How To Cope With Covering the Crisis

By SteveK Comment

Newsday’s Verne Gay asks various financial newsers how they cope with covering the recession on a daily basis.

FBN’s Alexis Glick:

“Some days when I look back at myself in the fall, when things started to become unraveled, and individual family members of mine started losing their jobs or homes were on the edge of foreclosure. I felt pretty depressed. It’s hard because we’re so connected to the people we’re talking to. For Glick, her refuge is family: “I shoot hoops with my boys.”

CNBC’s Charlie Gasparino:

“I work out every day for an hour and 15 minutes,” he says, and by “work out,” “Gaspo” — as he’s known to colleagues — does wind sprints by the East River near his home in Stuyvesant Town and a fast set of 36 pull-ups and sit-ups. “You just crank ’em out,” he says. The nighttime decompression routine, however, is different: “I do occasionally include an alcoholic beverage.”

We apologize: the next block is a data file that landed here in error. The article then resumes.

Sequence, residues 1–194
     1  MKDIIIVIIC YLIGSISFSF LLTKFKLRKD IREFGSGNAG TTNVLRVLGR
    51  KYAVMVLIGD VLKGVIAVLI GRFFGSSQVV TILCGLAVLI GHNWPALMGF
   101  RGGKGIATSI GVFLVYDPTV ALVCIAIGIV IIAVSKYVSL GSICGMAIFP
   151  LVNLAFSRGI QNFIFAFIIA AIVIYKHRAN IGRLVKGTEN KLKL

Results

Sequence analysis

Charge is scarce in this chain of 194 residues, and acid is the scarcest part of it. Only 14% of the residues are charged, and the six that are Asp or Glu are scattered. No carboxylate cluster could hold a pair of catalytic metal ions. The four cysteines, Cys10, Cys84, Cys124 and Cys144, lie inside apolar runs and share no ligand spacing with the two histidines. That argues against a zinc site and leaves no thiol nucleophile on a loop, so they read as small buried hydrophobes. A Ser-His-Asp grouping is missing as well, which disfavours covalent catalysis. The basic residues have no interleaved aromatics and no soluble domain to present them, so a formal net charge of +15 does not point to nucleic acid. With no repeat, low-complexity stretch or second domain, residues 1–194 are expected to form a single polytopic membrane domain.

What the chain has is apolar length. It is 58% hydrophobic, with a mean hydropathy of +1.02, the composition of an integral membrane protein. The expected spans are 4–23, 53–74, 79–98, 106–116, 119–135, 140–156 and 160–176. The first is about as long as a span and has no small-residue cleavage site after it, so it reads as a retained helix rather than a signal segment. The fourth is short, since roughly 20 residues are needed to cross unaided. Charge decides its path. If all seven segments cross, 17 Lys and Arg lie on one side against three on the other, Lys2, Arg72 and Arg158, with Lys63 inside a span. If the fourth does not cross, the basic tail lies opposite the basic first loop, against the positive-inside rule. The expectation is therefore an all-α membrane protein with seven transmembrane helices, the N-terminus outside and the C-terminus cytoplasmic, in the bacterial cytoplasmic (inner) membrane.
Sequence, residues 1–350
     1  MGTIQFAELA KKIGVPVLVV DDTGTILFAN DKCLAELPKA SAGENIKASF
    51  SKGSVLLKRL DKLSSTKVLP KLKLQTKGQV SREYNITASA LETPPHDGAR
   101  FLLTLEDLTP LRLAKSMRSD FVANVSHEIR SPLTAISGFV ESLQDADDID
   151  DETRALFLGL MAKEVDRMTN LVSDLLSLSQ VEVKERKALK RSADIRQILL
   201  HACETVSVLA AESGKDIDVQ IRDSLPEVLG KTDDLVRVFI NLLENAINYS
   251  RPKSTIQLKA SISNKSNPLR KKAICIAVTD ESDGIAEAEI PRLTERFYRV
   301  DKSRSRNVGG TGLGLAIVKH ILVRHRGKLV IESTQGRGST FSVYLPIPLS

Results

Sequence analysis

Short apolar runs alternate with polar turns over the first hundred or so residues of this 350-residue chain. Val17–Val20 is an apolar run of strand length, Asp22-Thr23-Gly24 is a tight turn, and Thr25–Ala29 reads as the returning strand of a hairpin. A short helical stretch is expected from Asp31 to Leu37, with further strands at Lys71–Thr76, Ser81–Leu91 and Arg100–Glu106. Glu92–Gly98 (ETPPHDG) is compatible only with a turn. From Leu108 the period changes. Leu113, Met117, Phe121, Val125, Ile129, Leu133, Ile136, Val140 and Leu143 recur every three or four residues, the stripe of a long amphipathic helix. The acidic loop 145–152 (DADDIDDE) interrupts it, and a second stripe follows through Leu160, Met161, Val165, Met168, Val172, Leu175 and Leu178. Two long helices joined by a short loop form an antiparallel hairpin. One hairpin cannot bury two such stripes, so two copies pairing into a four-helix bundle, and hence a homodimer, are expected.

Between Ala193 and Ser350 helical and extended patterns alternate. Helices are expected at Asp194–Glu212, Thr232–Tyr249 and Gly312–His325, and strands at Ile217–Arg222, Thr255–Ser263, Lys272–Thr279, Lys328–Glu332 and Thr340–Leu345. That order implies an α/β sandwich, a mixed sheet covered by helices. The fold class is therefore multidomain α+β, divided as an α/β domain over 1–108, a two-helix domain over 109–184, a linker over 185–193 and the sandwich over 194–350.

FBN’s Peter Barnes:

“Mindless movies on Friday night” are a standard outlet. “Every Monday I feel like I’m starting a marathon,” he says. His social life has evaporated: “I feel terrible about it, because I miss a lot of my friends, but realistically I’m just…fried. I don’t want to have to go out and do anything.”

Related: The Washington Post’s Howard Kurtz writes about the “snap judgments” being made on the cable networks about President Obama’s first 50 days, due to the “fast-forward culture.”